The BSE benchmark Sensex plummeted over 800 points in the afternoon session on Thursday, October 4, as the rupee sank to another low amid boiling crude prices, weak global cues
On Friday at 10.30 am, the Sensex was trading at over 300 points lower than its Thursday closing, amid fears over the Reserve Bank of India (RBI) turning hawkish in its monetary policy stance. Index-wise, the Sensex opened at 35,097.99 points from its previous close of 35,169.16 points on Thursday.
The National Stock Exchange’s Nifty50 traded below the 10,600-mark on Friday. The Nifty50 opened at 10,514.10 points after closing at 10,599.25 points. It traded at 10,530.45 points during the morning trade session, down 68.80 points and 0.65%.
The turmoil in the markets came after the rupee plunged to a new low of 73.81 against the dollar on Thursday, while the international benchmark Brent crude oil price breached the US $86 per barrel level, nearing its four-year high. In addition, fears over the central bank turning aggressive in its monetary policy stance due to a rise in inflationary pressure also led to erosion in investors' risk-taking appetite.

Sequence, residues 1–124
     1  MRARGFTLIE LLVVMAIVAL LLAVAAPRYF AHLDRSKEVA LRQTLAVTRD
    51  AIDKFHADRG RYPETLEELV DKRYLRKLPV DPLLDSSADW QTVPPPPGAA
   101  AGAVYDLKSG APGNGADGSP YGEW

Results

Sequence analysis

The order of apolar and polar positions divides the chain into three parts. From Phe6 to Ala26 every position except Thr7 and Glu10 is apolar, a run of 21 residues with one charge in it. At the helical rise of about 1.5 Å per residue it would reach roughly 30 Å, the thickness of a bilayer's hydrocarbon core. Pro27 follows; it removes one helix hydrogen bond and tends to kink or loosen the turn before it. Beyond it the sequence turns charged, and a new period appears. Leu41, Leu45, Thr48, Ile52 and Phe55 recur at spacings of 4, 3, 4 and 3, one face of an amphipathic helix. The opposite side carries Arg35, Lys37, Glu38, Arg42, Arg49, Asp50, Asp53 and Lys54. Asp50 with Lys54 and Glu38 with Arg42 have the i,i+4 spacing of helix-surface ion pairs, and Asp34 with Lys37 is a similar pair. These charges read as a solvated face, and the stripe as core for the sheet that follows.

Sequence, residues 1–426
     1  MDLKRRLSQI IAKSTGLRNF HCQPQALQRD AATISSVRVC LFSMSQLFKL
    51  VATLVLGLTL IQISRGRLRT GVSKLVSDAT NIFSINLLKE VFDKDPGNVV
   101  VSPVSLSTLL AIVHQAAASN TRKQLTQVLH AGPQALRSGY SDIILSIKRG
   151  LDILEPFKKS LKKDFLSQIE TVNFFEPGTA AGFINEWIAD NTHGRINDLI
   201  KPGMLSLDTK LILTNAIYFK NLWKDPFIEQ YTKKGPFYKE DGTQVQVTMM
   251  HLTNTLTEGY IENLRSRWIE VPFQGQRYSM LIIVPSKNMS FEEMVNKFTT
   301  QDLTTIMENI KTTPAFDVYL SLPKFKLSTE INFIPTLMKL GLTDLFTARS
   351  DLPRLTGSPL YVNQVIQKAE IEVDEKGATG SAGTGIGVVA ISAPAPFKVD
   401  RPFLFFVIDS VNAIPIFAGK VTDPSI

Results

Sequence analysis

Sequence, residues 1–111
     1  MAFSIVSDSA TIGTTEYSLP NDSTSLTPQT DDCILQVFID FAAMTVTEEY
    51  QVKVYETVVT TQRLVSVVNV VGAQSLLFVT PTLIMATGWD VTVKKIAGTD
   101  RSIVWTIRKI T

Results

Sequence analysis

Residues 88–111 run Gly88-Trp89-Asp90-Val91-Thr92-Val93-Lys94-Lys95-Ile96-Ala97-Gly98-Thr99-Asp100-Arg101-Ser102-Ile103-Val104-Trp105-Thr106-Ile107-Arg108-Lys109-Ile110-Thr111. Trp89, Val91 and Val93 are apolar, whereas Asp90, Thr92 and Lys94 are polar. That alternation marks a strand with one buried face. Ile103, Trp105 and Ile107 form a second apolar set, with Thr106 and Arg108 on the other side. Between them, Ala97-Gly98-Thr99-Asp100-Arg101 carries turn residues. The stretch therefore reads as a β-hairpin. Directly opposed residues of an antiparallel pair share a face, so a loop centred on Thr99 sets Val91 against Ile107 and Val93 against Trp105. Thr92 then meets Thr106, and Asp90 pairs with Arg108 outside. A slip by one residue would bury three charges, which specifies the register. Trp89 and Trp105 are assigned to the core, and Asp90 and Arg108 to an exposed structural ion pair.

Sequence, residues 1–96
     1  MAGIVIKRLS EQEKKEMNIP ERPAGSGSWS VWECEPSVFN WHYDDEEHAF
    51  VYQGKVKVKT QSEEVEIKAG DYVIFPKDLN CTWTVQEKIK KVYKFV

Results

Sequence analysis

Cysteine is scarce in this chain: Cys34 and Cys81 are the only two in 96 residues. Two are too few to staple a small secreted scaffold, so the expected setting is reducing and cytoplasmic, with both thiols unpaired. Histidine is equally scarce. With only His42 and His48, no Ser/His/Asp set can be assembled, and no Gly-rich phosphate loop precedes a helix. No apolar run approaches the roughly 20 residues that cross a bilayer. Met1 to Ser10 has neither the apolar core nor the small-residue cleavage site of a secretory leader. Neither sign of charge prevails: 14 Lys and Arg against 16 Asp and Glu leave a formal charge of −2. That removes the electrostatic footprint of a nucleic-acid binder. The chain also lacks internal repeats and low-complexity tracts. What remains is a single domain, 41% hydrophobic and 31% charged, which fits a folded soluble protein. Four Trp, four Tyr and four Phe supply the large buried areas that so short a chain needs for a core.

With rupee and crude oil showing no signs of stability, weakness in the markets is likely to continue in the coming sessions, says analysts
All sectoral indices were trading in the red on Thursday, with IT, auto, pharma, banking and realty stocks witnessing most losses. Rise in crude oil prices, along with a weak rupee and outflow of foreign funds, had dragged the key domestic equity indices lower over 1% on Wednesday, October 3.
According to analysts, the equity benchmark indices have fallen nearly 10% from peak levels attained in August, led by weak domestic sentiments, global uncertainties, depreciating rupee and strengthening crude oil prices.
With rupee and crude oil showing no signs of stability, weakness is likely to continue in the coming sessions, they said. Brokers said volatility was seen in most Asian markets as high US yield and good economic data led to fear that investors would move to the US, dampened trading sentiments.
With agency inputs